Decreasing Your Anxiety in the Age of COVID-19

There are concrete ways to decrease your fears and increase your joy.

No one prepared us for this. Living in this time of COVID-19 is disarming for everyone.

If you have been watching the news at all, or have social media, or basically talk to anyone, then you are well aware of the disruptions to our world and the risks of COVID-19. The physical risk of severe disease or death. The financial and employment consequences. The news is full of scary statistics and numbers.

This news is serious and not to be taken lightly, however, there is also a risk to our mental and emotional health. Many people are already suffering from mental illness such as depression or anxiety disorders. The current state of affairs in the world is not helpful and can send any of us into a mental spiral.

Because of all this, we must take measures to protect our mental and emotional health, not just our physical health.

You still can, and should, experience joy and happiness in this time of coronavirus. You must look for it and actively practice good mental habits.

We cannot cure the world of sorrows, but we can choose to live in joy. — Joseph Campbell

What can you do to help increase your well-being, decrease your anxiety and increase your joy in this stressful time?

  1. Limit your consumption of news. Too much and you will become quickly overwhelmed. Try checking in a max of twice daily. More than that is objectively too much.

2. Try to get your information about the virus from neutral sources.

Know that news stations are a business and want to hook you into watching more of their programming. They can be far from neutral.

Social media is generally not a great source of reliable information.

3. Stay in touch — online or via phone — with friends and family.

Check in with people. People will appreciate your efforts to stay connected. Tell people how you feel. Be more open.

4. Make a list of things and activities that make you happy. And try to do something on this list daily.

5. Write — every day — three things in your life that you are grateful for. Yes, gratitude is an amazing practice that will increase the joy you feel in your day-to-day life. Even now in this pandemic you can find things to be grateful for. Find them and express your thanks to them.

It’s a funny thing about life, once you begin to take note of the things you are grateful for, you begin to lose sight of the things that you lack. — Germany Kent

6. Exercise daily. Exercise releases endorphins, which makes us feel better, both physically and mentally.

7. Get some fresh air daily. Being in nature is calming. Social distancing, of course.

8. Maintain perspective about the reality of COVID-19. Most people who get the virus will recover. Yes, many will have tragic outcomes, but most recover.

9. Keep a routine. Routines help us feel more relaxed and we can focus on the areas of life that we can control.

10. Practice breathing — with meditation, yoga or mindful breathing. Mindfulness while breathing activates our parasympathetic nervous system, which helps us to relax.

11. Eat well. Poor nutrition doesn’t help with mental stress and can make you feel much worse. Plus, you don’t want to come to the end of the pandemic carrying more pounds, do you?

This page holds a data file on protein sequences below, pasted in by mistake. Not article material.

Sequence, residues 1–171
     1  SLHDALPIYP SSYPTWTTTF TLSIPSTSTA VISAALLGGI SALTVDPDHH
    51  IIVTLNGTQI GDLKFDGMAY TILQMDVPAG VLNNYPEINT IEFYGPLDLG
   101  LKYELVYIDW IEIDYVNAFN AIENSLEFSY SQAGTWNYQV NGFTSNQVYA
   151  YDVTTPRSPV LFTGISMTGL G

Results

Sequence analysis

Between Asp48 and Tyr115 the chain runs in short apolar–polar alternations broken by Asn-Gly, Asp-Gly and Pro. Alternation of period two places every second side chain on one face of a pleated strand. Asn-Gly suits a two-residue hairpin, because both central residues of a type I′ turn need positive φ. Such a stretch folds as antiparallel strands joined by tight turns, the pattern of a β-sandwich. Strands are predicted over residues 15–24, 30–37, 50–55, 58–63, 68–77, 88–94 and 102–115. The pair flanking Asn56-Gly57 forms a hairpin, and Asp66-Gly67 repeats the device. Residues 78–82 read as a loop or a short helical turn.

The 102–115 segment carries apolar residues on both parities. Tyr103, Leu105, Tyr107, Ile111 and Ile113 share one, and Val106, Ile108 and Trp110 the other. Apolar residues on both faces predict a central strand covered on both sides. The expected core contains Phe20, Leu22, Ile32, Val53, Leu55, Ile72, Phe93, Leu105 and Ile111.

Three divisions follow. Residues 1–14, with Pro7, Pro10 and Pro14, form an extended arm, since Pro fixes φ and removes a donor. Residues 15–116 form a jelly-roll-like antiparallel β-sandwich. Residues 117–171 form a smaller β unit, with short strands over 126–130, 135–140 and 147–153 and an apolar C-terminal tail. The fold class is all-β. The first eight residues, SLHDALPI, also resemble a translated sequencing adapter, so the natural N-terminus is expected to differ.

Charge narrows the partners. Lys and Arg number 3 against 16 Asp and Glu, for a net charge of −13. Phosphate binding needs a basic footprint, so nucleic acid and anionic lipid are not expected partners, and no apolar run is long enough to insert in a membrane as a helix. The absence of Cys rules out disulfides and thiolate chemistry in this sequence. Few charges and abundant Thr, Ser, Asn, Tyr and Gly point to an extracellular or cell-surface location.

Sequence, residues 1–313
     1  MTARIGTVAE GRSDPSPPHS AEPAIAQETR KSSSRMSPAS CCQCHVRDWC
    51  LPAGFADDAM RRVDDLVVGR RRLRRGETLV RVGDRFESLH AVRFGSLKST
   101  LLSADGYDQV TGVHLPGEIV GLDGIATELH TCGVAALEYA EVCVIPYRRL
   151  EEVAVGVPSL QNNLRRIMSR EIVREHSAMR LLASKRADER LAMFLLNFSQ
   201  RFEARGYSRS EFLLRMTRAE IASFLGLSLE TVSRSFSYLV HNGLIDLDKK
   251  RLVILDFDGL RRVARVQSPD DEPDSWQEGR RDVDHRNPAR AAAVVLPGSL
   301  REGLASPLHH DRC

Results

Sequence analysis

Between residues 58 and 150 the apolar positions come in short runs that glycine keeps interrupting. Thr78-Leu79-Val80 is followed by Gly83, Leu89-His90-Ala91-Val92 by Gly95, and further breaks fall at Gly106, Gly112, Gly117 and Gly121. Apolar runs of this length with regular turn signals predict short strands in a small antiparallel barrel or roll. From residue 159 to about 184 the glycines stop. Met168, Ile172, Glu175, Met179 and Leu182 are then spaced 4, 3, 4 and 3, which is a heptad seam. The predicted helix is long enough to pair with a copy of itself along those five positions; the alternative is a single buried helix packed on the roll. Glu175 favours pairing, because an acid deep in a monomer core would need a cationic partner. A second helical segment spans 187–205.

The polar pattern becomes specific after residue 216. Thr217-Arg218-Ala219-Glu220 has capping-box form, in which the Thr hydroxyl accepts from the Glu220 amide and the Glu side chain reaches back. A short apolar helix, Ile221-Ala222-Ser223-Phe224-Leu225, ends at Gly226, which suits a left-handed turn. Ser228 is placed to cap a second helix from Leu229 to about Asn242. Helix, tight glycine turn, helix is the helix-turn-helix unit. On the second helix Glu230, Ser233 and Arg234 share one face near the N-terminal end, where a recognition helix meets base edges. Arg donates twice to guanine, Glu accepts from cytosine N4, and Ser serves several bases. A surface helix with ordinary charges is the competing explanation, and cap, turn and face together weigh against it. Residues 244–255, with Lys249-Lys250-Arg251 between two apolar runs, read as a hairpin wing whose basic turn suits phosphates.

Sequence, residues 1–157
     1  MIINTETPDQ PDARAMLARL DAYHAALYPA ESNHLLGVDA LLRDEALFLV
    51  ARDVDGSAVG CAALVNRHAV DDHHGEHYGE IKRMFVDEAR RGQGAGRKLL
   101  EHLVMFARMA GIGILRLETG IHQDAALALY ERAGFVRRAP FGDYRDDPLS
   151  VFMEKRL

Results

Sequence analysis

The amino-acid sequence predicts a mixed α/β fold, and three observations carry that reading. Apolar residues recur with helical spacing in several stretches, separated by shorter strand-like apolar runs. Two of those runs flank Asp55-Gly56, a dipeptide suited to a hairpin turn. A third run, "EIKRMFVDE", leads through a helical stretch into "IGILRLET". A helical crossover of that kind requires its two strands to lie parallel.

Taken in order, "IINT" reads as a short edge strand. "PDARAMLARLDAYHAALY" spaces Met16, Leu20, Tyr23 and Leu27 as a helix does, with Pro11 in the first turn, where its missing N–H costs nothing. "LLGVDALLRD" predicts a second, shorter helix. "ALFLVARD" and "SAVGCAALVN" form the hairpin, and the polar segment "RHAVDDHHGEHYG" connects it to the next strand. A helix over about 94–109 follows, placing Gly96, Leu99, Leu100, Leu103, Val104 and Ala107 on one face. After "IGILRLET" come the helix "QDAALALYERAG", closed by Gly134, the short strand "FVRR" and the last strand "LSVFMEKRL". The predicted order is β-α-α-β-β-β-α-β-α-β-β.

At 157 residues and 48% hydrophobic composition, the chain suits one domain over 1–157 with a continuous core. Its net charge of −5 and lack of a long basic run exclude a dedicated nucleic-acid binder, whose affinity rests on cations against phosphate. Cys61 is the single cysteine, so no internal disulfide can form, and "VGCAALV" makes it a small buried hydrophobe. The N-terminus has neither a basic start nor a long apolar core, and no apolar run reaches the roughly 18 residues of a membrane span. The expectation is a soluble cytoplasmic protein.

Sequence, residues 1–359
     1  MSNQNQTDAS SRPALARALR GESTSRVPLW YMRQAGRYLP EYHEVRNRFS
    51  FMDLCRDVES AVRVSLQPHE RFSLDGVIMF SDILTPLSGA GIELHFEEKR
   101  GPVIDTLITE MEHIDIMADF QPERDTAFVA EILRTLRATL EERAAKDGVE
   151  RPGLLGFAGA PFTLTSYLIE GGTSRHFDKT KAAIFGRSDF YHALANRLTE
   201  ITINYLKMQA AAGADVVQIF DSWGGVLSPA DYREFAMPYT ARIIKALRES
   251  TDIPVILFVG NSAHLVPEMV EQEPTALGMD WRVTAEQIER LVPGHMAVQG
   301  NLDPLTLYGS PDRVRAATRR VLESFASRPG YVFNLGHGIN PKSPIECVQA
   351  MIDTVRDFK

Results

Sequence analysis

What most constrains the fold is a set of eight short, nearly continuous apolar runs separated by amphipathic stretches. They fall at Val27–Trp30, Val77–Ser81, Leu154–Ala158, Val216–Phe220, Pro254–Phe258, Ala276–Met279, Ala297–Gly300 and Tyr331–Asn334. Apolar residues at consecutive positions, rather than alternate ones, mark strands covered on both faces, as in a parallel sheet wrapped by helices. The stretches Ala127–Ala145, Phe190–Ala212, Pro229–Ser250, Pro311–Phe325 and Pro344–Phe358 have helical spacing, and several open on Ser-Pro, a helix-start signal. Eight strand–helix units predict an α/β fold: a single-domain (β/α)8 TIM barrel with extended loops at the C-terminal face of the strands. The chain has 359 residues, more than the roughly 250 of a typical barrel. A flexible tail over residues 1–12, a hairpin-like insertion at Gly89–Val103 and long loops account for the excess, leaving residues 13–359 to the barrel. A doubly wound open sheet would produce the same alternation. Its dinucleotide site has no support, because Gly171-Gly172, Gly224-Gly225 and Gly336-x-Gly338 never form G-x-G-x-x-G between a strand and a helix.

12. Be aware of your thinking. Your thoughts create your feelings. Becoming more aware of what we are thinking and questioning those thoughts is a crucial step to gaining control over your mental health.

Byron Katie (The Work) has a great technique to help you question your thoughts. Check out her work or learn more about cognitive behavioural therapy techniques.

If we don’t question our thoughts, then we just blindly assume that what we think is true. Often, they are thoughts with no basis in reality.

13. Find someone you can have deep conversations with and can share your feelings and concerns. Often just verbalizing your concerns with a loved one can reduce your own burden and stress. Let them do the same with you. Sharing our feelings lessens the stress we feel. Unexpressed fears increase in their intensity.

14. Help other people. Kindness goes along way. Our world needs all the kindness it can get right now.

There is no more neutrality in the world. You either have to be part of the solution, or you will be part of the problem. — Eldridge Cleaver.

Be someone who makes our world better.

Who will you be in 6 months? A better person? Someone who helped in any small way they could? Or someone who complained, argued, lived in anger and made life difficult for others?

We are all struggling, some more than others. Take the time to lift the burden for someone else and you will find an inner joy that can light you up.

15. Be aware of and follow the government policies and guidance on preventing the spread of the virus.


*Physically distancing ourselves from others — at least 6 feet away
*Staying home as much as possible
*Stay away from people who have symptoms
*Washing hands frequently for at least 20 seconds with soap and water (or use hand sanitizer with at least 60% alcohol)
*Avoid touching your face, esp. Eyes, nose and mouth.
*Covering your mouth and nose when around others with a cloth mask (CDC recommendation)
*Cover your coughs and sneezes (wash hands very well after)
*Clean frequently touched surfaces with a good disinfectant or soap and water
*Stay home if you have symptoms and call the agency that is doing testing in your area. — Do NOT go anywhere with symptoms.

Take care and stay safe.


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